Colleen Echohawk, an enrolled member of the Kithehaki Band of the Pawnee Nation and a member of the Upper Athabascan people of Mentasta Lake, announced her candidacy to run for Seattle mayor on Monday.
Echohawk said she plans to be a "new face, a new kind of way of working in City Hall,” in a King5 News story. She is running to replace current mayor Jenny Durkan, who is not seeking re-election.
“Friends, I’m so excited to share that I’m running for Mayor of Seattle! I’m running because I love this city, and we have a once-in-a-generation chance to rethink how it works, and who Seattle works for. I truly believe that to make an equitable recovery, we have to put people first,” she said in a Facebook post announcing the mayoral bid.
"I love the city. I have been here for 20 years, I have worked hand in hand with some of our community organizations, with some of our elected leaders with business. And over the years have just realized how much I believe in this city," Echohawk told King5.
Echohawk is the executive director of the Chief Seattle Club, a Native-led nonprofit which seeks to help Indigenous people experiencing homelessness and build affordable housing for urban Native people. She is also the founder of the Coalition to End Urban Native Homelessness.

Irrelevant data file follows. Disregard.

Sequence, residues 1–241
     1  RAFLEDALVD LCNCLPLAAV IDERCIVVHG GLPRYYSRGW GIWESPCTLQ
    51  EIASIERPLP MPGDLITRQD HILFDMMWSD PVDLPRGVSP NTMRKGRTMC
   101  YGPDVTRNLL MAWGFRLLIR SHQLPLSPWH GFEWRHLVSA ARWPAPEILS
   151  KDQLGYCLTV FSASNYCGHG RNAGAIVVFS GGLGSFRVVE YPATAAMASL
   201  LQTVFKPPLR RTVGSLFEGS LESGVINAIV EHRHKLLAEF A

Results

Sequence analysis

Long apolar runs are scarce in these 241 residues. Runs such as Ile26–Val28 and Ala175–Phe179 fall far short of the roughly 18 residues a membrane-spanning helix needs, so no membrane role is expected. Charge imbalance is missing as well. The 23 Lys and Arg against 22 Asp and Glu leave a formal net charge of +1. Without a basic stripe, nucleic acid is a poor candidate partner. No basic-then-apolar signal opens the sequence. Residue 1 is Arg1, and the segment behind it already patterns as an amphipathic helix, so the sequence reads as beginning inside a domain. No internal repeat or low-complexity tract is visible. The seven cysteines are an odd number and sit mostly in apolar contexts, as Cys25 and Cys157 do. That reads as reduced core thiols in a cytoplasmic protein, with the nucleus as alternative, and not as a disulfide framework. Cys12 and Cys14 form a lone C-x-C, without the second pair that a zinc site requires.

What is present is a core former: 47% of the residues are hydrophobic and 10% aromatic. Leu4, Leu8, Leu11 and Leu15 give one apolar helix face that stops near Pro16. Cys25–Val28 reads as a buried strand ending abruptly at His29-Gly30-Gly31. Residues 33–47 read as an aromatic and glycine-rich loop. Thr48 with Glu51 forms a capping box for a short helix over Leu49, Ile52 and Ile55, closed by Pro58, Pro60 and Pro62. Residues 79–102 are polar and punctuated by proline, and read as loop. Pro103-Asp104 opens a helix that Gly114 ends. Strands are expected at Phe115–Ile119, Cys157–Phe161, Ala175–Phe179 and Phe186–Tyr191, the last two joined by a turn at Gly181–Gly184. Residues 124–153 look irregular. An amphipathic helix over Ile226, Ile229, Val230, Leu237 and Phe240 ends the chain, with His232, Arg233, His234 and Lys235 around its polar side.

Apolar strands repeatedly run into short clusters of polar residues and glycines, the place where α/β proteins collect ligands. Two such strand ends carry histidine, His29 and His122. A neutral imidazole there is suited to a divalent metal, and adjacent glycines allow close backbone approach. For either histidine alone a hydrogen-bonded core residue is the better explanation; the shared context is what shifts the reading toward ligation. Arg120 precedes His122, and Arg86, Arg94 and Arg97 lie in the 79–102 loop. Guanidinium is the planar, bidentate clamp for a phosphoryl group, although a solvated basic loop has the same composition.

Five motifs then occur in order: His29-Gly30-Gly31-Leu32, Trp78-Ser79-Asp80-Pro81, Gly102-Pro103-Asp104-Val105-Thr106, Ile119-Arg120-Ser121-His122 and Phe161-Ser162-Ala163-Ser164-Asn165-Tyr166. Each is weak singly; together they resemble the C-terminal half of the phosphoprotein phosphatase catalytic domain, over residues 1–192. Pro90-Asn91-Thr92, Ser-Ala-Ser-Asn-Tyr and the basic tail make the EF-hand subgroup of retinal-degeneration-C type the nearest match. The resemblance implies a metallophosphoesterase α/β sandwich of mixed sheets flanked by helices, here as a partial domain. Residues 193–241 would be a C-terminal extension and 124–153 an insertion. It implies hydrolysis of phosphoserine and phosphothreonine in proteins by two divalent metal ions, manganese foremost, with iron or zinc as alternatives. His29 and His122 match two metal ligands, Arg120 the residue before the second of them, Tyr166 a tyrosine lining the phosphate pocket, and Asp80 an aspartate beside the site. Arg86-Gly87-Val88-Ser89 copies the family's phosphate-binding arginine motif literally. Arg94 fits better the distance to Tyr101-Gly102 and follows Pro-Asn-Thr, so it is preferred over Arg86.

In 2020, Echohawk was awarded the Martin Luther King Medal of Distinguished Service by the King County Council. She has been named one of Seattle’s “most influential people” by two Seattle magazines. She has also worked on community police boards to address systemic racism, and believes that her experience tackling issues of homelessness and policing would help her serve as mayor.
Echohawk’s mayoral campaign website says that she aims to address health and economic inequalities in the city, access to affordable housing, and equitable policing.
“As Mayor, Colleen would put an end to sweeps, and move jobs like traffic safety and mental health crisis support into the community. She proposes the establishment of a Public Safety Department, with community-based mental health workers and neighborhood liaisons to care for the members of our community that have been hit hardest by racial injustice and the COVID-19 pandemic,” the campaign website says.
In an interview with the South Seattle Emerald, Echohawk said that Seattle’s rapid gentrification, which has displaced numerous BIPOC communities, is “something that really gives me pain in [her] heart,” especially considering that the city is named after a Coast Salish chief.
“As an Indigenous person, the spirit of service has deep roots in my family. Growing up as the oldest girl of eight siblings, there was rarely a quiet moment in our house. And even though it was already a full house, it constantly got fuller as my parents opened our home to people who found themselves on hard times. I bring that same spirit to my work,” says the website’s “Meet Colleen” section.
“Our city is facing unprecedented challenges, and we can’t accept more of the same from City Hall. These are historic times, and they require historic solutions,” the website says.
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